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DeSantis wins his battle over CRT and wokeness. Detractors ask, at whose expense?

Florida Gov. Ron DeSantis speaks at the Conservative Political Action Conference (CPAC) Thursday, Feb. 24, 2022, in Orlando, Fla. (AP Photo/John Raoux)
John Raoux/AP
Florida Gov. Ron DeSantis speaks at the Conservative Political Action Conference (CPAC) Thursday, Feb. 24, 2022, in Orlando, Fla. (AP Photo/John Raoux)

Governor Ron DeSantis has scored a critical victory in his war against so-called “wokeness.” The Republican-controlled legislature is sending him a bill that says employers cannot compel their employees to participate in training that can make the employee feel bad; schools cannot teach subjects like history or race in a way that can make students feel the same. In addition to fighting wokeness, the legislature is also allowing greater flexibility in challenging school books, and term-limiting school board members.

The debate over how issues on race, sex and history are taught was embattled, and embittered, with lawmakers like Democratic Sen. Gary Farmer noting that bills like these did not come out of thin air.

“WOKE. Stop Woke. Why is it bad to be awake? Why is it bad to be conscious of things, to be aware of what is happening, what has happened?” Farmer said during debate over the bill Wednesday in the Senate.

While the words “WOKE” and “Critical Race Theory” are not explicitly mentioned in either proposal, the words of Gov. Ron DeSantis, who has championed the legislation—ring loud and clear. DeSantis pitched a bill called the STOP WOKE Act and has repeatedly decried so-called wokeness and Critical Race Theory which is an academic framework that examines how policy has been shaped through racism. It’s not taught in K-12 schools, despite accusations to the contrary. Republicans have accused Democrats and journalists of misrepresenting bills over culture war issues all session, often relying on the argument that the words used to describe such measures aren't in the proposals. Yet as Democratic Sen. Randolph Bracy pointed out, the language of the bill and what is spoken aloud is equally as important as what’s implied by the bill, and how it will be applied.

“It talks about meritocracy, fairness and the virtues of being colorblind," he said. "Being colorblind allows you to ignore the fact that I am here."

This lawmaking session has seen women, LGBTQ people, and minorities targeted through a series of bills on abortion, sexuality and gender, history and race. Republican Sen. Manny Diaz argued his party’s intentions are being misconstrued.

“They [students] need to know the facts. We’re not trying to cover them up. But we need to provide students that can think debate and inform their own opinions," Diaz said, defending his sponsorship of the "Individual Freedom" bill which states employers cannot compel employees, as a condition of employment, to take any mandatory teaching that "compels such individual to believe specified concepts constitutes discrimination based on race, color, sex, or national origin."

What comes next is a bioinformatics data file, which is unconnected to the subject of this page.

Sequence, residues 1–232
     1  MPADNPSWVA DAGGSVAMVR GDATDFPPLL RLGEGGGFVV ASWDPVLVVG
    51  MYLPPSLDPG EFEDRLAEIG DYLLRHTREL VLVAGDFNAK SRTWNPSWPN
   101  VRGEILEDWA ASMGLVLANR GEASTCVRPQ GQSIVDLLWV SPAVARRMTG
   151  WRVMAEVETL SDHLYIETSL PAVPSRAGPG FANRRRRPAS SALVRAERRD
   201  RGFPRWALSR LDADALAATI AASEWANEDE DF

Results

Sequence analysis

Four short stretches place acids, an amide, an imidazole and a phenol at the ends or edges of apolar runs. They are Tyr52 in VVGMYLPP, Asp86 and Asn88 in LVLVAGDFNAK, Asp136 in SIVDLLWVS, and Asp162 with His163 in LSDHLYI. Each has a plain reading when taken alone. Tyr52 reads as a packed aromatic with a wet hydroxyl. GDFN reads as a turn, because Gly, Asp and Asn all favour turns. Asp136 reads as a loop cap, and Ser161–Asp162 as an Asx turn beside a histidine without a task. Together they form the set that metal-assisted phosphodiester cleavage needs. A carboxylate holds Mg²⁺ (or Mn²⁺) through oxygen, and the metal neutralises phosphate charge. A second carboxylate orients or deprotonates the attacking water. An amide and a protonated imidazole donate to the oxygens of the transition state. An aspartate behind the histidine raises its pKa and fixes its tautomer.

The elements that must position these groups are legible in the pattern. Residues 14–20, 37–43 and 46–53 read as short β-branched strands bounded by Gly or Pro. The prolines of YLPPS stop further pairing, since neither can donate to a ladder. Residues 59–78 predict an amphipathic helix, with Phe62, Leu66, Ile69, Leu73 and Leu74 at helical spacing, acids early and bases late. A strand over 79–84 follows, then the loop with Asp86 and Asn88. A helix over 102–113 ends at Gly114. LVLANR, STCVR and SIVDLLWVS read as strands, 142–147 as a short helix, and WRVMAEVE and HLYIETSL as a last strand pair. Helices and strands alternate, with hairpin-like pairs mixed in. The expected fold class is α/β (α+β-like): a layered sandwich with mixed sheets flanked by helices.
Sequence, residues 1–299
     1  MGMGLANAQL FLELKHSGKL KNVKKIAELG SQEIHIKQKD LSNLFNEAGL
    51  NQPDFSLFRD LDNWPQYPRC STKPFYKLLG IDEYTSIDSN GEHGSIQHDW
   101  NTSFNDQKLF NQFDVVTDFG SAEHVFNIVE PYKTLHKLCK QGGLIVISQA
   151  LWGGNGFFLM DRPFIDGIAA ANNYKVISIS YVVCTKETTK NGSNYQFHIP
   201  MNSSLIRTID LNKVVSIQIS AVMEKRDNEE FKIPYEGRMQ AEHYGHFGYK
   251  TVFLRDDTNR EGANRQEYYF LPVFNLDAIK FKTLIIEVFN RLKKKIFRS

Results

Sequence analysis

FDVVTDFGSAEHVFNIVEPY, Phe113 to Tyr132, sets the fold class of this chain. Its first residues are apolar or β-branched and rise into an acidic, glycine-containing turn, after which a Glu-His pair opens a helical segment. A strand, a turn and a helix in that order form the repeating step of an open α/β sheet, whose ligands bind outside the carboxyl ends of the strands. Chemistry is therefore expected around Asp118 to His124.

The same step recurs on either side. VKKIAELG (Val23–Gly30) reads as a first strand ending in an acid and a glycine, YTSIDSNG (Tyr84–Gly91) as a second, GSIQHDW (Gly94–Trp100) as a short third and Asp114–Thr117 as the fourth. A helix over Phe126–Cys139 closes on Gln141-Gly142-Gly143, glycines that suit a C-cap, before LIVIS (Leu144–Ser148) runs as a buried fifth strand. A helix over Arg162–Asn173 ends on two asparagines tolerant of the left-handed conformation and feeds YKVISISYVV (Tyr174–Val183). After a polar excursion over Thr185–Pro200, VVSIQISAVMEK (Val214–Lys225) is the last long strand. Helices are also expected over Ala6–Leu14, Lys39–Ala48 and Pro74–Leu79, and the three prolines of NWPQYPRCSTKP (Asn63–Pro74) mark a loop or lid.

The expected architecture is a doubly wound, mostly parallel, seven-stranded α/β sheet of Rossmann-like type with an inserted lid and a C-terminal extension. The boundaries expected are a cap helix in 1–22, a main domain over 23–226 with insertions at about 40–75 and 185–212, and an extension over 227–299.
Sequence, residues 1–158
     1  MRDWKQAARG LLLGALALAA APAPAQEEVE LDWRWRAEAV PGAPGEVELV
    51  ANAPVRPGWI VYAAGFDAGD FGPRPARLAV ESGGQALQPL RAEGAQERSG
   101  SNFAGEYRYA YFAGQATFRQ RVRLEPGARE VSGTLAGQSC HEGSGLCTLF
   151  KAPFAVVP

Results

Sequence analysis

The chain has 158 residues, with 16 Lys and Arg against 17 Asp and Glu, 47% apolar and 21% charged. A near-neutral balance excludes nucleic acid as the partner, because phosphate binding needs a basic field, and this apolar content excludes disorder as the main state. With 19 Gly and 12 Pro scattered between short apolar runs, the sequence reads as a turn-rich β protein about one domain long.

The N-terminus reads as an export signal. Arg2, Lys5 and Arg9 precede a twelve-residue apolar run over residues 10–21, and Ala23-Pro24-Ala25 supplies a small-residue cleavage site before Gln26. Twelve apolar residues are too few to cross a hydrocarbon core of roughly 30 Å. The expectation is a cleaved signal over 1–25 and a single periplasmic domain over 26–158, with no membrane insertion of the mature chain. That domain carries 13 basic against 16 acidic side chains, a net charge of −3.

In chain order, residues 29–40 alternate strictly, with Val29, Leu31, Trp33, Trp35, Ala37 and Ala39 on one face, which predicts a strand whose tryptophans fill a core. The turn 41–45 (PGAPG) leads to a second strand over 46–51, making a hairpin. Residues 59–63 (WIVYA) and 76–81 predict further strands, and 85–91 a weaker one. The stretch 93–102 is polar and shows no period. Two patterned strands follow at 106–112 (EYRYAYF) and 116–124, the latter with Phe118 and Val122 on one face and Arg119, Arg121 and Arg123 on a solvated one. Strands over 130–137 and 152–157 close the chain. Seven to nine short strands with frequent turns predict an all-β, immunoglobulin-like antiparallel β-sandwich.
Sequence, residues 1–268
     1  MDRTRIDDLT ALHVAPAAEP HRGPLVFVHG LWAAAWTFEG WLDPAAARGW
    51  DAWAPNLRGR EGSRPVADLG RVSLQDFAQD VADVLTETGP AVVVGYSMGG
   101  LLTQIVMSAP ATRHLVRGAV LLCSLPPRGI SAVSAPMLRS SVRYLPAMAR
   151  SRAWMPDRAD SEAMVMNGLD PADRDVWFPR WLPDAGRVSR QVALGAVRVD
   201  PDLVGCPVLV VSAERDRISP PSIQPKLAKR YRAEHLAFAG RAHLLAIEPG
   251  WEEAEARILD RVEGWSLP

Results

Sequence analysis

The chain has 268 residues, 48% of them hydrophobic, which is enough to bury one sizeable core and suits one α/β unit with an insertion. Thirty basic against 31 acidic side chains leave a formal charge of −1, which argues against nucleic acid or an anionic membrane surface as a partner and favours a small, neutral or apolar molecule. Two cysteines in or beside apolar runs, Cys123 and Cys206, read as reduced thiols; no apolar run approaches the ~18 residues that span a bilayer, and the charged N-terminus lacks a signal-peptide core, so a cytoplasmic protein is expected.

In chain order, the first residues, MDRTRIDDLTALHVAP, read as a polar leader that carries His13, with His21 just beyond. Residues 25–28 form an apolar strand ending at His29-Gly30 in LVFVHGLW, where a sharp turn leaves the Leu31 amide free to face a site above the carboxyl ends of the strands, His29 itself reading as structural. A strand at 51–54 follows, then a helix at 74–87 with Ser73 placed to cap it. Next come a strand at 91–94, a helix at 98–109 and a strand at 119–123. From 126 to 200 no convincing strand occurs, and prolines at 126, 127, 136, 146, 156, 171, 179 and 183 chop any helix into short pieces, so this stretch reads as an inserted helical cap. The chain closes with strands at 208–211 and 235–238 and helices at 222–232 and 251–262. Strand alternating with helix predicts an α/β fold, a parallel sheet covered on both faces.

Diaz asked his fellow lawmakers to trust that his intentions are good, but that remains a hard sell given the GOP backlash following the high-profile killings of Black people by police, angst over the New York Times's 1619 project which reexamines the legacy of slavery; and the increasing visibility of LGBTQ people, coupled with the governor's own comments.

The hostility also extends to the classroom and schoolhouse where angry parents are challenging textbooks, library books, and classroom materials they may not personally agree with. And a proposal that opens those materials up for even more scrutiny is also on the way to the governor.

“We as a legislature allocate millions of dollars for both instructional materials, and materials in our libraries and media centers. Local communities should have a right to know and provide feedback on what materials they’re putting in front of our children," said Republican Sen. Joe Gruters who is also the chairman of the state GOP.

Adding another blow to schools—Republicans have agreed to term limit local school board members to 12 years in office, following a fight over school closures during the pandemic.

For Governor Ron DeSantis, it’s another win. And his success in this session on culture war issues leaves his detractors to question what the long-term cost of what they hope are short-term victories will be.

Copyright 2022 WFSU. To see more, visit WFSU.

Lynn Hatter is a Florida A&M University graduate with a bachelor’s degree in journalism. Lynn has served as reporter/producer for WFSU since 2007 with education and health care issues as her key coverage areas. She is an award-winning member of the Capital Press Corps and has participated in the NPR Kaiser Health News Reporting Partnership and NPR Education Initiative. When she’s not working, Lynn spends her time watching sci-fi and action movies, writing her own books, going on long walks through the woods, traveling and exploring antique stores. Follow Lynn Hatter on Twitter: @HatterLynn.